Recently, I flew to London to attend several days of the two-month-long The Genius of Hitchcock festival held at the British Film Institute’s Southbank campus.
Starting in June and ending after London’s yearly October film festival, the BFI pulled out all of the stops to honor one of their own…a British director who became an international sensation by helming such movies as Rear Window, Vertigo, Notorious and Psycho.
The Genius of Hitchcock celebration caps off the year-long fund-raising push entitled Rescue the Hitchcock 9, a campaign to save nine of Hitchcock’s early British silent films. These nine films are in dire need of restoration…without it, there is the chance they might be gone forever.
Being a BIT of a Hitchcock fan (OK…a little understatement —I’m obsessed), I would have loved to hunker down in London all four months, savoring classic after classic. But, there is this little thing called WORK, not to mention MONEY, of which staying in London requires a lot. So, alas, I settled on cramming in as many movies as I could in my limited time (five films, to be exact).
Have I seen all five before? You betcha. Do I own all five on DVD? Yes, I do. But, somehow, traveling over 3,700 miles to see movies I know by heart doesn’t seem all that silly to me. Obsessed, I tell you!
Like I said, I saw five of Hitchcock’s masterpieces (sadly none of the restored “Hitchcock 9” were playing when I was there). I watched a double feature of Shadow of a Doubt and The Man Who Knew Too Much (1956) on one night, followed by a double feature of Mr. and Mrs. Smith (no, not THAT one…the 1941 film with Robert Montgomery and Carole Lombard…the only romantic comedy Hitchcock ever made) and Strangers on a Train on the next.
But, the crème de la crème, the pièce de résistance was the 3D showing of Dial M for Murder. No, this is NOT NEW 3D…this is old, classic 3D. This is when 3D was done for effect and not financial gain. This is when 3D was not a marketing ploy.
I have a strong distain for the new wave of 3D films sweeping through Hollywood, though I am much more against 2D films being re-released in 3D, such as Titanic (1997) and Beauty and the Beast (1991). When I saw Scorsese’s Hugo (which I heard nothing but great things about in 3D), I specifically sought out the 2D version.
Maybe I’m equating my lack of interest in modern 3D with my lack of interest in most contemporary animation. Look at Snow White and the Seven Dwarfs —imagine how tedious and superior the animation process was back in 1937 and compare that with today’s inferior “computer” animating. So OK, modern 3D is not that bad…but, RE-RELEASING already-shot films just to capitalize on the 3D bandwagon is the last straw. Where will it end?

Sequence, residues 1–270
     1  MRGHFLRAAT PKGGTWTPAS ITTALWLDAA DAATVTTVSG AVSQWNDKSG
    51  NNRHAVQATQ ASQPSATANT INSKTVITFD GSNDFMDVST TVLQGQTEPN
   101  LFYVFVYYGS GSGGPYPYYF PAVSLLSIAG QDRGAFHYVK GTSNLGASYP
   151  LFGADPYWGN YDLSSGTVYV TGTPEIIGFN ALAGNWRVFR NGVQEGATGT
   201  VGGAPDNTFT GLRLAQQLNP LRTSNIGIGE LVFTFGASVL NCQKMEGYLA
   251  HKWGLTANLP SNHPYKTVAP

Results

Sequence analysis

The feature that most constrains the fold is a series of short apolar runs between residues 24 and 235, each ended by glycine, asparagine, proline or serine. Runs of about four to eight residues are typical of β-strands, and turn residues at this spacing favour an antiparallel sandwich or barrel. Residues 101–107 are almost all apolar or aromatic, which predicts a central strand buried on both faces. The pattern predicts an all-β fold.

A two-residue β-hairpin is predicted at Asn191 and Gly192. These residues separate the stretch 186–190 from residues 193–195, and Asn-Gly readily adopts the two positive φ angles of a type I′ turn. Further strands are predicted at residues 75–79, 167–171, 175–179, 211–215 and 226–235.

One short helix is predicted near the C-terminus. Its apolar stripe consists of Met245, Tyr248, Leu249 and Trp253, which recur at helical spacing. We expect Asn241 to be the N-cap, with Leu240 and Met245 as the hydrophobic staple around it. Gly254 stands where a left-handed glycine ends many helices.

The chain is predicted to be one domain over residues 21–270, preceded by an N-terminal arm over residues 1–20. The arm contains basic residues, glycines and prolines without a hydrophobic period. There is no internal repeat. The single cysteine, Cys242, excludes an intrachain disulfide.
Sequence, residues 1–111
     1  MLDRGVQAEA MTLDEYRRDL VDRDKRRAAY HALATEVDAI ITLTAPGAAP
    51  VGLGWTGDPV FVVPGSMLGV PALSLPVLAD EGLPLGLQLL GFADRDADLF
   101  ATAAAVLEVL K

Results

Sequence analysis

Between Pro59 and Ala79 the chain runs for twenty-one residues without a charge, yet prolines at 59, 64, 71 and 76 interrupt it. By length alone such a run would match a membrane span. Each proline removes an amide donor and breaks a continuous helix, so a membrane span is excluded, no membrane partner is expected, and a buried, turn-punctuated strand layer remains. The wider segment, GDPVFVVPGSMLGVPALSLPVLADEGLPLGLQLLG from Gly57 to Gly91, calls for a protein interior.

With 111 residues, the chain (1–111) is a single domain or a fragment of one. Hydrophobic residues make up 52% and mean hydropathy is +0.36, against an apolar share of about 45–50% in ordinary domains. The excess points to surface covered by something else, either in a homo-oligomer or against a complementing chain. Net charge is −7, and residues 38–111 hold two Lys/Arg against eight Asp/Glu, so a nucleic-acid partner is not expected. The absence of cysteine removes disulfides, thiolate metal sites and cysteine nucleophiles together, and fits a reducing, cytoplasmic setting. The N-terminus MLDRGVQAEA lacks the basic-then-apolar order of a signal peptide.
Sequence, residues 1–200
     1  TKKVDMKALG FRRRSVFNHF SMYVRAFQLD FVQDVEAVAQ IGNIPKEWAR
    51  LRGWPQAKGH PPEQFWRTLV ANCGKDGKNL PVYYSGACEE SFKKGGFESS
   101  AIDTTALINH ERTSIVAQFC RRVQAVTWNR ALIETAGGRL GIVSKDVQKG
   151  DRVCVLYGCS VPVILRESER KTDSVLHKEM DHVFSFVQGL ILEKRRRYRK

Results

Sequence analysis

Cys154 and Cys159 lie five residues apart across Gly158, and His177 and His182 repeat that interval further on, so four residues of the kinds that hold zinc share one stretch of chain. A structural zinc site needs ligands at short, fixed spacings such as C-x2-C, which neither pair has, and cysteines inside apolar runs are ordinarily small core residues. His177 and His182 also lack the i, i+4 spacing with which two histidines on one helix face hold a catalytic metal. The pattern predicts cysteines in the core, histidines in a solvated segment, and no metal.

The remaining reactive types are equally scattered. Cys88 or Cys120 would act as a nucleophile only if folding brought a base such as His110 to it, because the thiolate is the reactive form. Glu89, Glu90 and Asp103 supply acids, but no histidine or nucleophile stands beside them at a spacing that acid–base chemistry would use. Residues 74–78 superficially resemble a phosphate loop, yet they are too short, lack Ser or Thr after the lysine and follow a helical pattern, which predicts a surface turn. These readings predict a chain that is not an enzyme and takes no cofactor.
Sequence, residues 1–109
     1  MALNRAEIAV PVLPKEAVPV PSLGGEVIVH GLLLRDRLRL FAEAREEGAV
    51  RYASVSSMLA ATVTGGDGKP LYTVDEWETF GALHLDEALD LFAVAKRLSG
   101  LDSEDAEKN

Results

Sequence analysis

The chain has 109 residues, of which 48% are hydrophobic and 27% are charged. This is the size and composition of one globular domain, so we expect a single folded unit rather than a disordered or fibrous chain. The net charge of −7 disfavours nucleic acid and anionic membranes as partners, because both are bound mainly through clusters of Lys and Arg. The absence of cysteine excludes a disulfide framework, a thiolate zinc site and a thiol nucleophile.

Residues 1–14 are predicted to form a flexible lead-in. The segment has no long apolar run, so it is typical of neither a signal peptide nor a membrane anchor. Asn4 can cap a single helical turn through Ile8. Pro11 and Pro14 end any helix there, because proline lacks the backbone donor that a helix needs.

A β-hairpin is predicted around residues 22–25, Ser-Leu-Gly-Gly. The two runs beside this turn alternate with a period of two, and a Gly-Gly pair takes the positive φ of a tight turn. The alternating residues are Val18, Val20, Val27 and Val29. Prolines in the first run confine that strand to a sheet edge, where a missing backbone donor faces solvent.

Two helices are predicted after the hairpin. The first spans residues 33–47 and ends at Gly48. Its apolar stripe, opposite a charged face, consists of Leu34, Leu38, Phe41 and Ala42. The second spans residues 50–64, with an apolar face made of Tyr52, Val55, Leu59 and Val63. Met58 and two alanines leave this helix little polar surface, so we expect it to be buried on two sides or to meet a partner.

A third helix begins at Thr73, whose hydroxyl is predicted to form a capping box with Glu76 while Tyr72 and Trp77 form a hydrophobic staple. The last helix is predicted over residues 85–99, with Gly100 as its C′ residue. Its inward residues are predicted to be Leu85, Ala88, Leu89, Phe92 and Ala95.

Dial M for Murder is different. Hitchcock filmed it in 3D but it was released in 1954 in mostly 2D. Aside from a limited 3D re-release in the early 1980s, most people have not seen Dial M for Murder in the original 3D Hitchcock intended it to be shown. And, among filmies, it is supposed to be one of the best, if not THE best, example of 3D filmmaking. And, after seeing it, not only does it not disappoint but I would have to agree that the use of 3D was amazing.
Unlike much of 1950s’ Hollywood 3D, nothing here is done just for the 3D effect (such as no paddleballs bouncing at the screen, a la The House of Wax (1953)). Everything here is done for a reason…the use of foregrounds and backgrounds become more of a 3D element than in-your-face effects. In one scene, the infamous purse that becomes a key item in the plot stands boldly in the foreground, with character action going on behind it. The purse, a simple inanimate object, looks as if it is right in the audience’s lap. And that is how Hitchcock uses 3D throughout the entire movie…subtly but OH SO effectively. But then again, would we expect anything less from the Master himself?
Keep in mind that as long as Hollywood keeps making money off of 3D, they will keep making these so-so 3D movies and…even worse, keep re-releasing existing 2D movies in 3D. If The Bridge on the River Kwai in 3D comes out in cinemas, I’m moving to Mongolia and living in among the yak herders in a nice yurt!
Madness, Madness. Soapbox over.